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I recently took an SQL dump of a POSTGRES database off a small production app and opened it up on Sublime. The SQL dump has very neatly structured lines like so:

--
-- PostgreSQL database dump
--

SET statement_timeout = 0;
SET lock_timeout = 0;
SET client_encoding = 'UTF8';
SET standard_conforming_strings = on;
SET check_function_bodies = false;
SET client_min_messages = warning;

--
-- Name: plpgsql; Type: EXTENSION; Schema: -; Owner: 
--

CREATE EXTENSION IF NOT EXISTS plpgsql WITH SCHEMA pg_catalog;


--
-- Name: EXTENSION plpgsql; Type: COMMENT; Schema: -; Owner: 
--

COMMENT ON EXTENSION plpgsql IS 'PL/pgSQL procedural language';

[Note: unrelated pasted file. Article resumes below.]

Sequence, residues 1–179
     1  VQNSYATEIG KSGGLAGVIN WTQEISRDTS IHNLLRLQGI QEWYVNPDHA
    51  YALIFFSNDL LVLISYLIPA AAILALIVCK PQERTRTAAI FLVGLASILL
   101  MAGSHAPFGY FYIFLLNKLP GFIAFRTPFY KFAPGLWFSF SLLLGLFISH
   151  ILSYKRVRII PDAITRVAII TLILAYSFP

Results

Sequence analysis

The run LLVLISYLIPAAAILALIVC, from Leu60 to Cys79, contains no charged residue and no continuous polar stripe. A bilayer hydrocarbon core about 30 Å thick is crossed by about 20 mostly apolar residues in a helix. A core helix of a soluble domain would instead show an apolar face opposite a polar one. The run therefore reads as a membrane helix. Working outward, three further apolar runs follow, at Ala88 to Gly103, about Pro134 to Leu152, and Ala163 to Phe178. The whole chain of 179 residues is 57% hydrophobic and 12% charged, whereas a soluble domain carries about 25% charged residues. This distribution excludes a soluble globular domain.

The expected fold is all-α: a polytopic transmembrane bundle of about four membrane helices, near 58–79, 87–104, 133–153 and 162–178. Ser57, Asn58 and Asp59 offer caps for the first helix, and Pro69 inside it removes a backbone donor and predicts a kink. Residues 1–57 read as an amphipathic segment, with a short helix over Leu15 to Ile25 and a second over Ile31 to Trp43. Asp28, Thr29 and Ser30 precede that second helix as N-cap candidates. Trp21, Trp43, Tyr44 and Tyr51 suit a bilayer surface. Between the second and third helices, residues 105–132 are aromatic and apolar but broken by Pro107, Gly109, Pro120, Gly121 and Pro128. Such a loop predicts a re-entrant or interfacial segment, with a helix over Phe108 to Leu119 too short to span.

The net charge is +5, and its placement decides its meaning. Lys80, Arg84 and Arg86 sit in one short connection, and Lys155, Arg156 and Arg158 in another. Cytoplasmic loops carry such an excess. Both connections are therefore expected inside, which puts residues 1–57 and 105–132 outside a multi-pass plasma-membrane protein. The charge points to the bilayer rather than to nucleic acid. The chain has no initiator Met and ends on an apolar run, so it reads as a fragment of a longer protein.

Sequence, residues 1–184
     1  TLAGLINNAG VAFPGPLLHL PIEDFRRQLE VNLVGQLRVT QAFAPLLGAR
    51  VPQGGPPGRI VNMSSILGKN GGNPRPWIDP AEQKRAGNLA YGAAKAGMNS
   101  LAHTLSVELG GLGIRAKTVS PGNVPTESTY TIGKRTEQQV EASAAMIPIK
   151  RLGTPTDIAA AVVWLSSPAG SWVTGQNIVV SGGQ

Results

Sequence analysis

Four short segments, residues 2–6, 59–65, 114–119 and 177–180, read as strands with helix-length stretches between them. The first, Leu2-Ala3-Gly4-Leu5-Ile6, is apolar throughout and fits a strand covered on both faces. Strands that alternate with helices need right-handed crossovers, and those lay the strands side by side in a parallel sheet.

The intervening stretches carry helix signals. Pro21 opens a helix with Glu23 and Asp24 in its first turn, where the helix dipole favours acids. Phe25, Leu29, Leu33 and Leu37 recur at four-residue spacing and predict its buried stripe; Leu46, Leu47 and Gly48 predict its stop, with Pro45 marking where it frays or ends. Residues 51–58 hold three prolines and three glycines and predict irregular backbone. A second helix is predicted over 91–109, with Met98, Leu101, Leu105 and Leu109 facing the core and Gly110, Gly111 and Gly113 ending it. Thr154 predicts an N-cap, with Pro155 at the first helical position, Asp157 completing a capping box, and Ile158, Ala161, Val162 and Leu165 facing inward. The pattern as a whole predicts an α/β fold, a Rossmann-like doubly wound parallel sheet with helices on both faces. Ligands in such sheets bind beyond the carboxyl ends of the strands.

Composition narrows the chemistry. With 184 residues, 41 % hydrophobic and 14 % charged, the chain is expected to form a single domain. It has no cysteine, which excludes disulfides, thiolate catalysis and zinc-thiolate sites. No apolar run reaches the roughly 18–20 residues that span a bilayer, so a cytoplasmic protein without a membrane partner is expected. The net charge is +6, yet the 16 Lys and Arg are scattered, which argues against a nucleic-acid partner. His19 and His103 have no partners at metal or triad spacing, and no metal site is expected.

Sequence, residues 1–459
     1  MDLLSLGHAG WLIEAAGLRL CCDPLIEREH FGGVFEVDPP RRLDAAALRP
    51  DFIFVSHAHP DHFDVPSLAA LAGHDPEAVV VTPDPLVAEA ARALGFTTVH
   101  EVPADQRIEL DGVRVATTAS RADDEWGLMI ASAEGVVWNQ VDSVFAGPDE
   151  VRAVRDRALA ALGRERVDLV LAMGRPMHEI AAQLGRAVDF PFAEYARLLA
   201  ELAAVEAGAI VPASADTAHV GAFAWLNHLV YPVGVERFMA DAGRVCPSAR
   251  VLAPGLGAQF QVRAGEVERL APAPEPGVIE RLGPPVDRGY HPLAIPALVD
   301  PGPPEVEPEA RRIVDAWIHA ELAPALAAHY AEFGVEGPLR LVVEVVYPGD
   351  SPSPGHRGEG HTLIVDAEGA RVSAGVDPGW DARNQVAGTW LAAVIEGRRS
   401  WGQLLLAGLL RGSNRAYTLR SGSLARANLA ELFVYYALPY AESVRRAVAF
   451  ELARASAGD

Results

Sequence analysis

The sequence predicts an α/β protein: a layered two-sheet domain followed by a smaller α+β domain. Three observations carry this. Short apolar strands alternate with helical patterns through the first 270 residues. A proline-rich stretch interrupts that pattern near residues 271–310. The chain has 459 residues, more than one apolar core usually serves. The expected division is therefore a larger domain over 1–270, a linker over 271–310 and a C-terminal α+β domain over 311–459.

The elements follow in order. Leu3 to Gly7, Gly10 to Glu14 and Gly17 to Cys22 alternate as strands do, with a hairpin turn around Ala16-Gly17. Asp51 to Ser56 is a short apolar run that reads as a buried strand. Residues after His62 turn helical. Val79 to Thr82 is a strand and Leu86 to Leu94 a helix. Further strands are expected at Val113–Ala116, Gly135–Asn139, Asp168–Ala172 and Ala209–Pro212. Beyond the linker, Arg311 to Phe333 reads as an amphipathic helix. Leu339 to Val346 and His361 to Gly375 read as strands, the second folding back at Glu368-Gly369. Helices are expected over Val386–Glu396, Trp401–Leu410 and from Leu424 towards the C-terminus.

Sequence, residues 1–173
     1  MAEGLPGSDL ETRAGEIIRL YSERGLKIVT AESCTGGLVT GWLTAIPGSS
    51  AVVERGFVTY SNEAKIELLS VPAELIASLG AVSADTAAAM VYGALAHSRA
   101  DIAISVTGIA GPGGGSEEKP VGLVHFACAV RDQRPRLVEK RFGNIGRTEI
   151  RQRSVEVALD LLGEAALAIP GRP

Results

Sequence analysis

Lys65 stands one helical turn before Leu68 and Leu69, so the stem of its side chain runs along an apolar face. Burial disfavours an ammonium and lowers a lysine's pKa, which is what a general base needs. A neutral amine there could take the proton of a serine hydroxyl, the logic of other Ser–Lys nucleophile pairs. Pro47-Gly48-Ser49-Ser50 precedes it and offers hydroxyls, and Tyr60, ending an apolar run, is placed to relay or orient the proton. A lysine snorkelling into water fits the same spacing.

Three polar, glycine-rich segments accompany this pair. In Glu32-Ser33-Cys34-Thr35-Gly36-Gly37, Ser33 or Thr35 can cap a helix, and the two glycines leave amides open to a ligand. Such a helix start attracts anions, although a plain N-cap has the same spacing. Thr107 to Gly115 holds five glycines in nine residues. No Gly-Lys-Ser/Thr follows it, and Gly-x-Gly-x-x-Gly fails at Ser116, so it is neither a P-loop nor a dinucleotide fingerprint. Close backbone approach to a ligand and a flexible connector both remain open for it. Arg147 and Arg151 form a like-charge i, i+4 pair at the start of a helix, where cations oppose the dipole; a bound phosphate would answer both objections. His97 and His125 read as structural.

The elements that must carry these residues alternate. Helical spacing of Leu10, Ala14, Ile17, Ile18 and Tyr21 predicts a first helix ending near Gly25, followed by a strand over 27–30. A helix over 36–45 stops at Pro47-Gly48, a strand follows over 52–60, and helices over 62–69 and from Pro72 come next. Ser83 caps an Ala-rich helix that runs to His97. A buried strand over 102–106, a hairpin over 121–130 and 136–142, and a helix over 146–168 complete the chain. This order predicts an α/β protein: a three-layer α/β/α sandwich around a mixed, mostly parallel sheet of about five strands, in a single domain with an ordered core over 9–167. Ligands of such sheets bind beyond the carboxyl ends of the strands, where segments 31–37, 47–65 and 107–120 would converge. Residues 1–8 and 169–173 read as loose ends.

SET search_path = public, pg_catalog;

SET default_tablespace = '';

SET default_with_oids = false;

and so on. What can I learn about POSTGRES or databases in general by reading through this SQL file? I'm largely new to databases and want to learn how they (POSTGRES) work.

closed as too broad by a_horse_with_no_name, deceze, gnat, Sugar, greg-449 Mar 6 '15 at 10:09

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2

The dump has absolutely nothing to tell you about database engines work. In this case, it is a representation of the internal state (tables, view, references, rows of data, and so on...) in a human-readable language (SQL). In other cases it can be a binary file (that will contain more or less the same information).

If you want to learn how to "operate" a relational database, start from the manual, learn SQL. If you want to learn how a relational database engine works start from the code. Both PostgreSQL and SQLite, two very different, great database engines are open source: just go dig the code.

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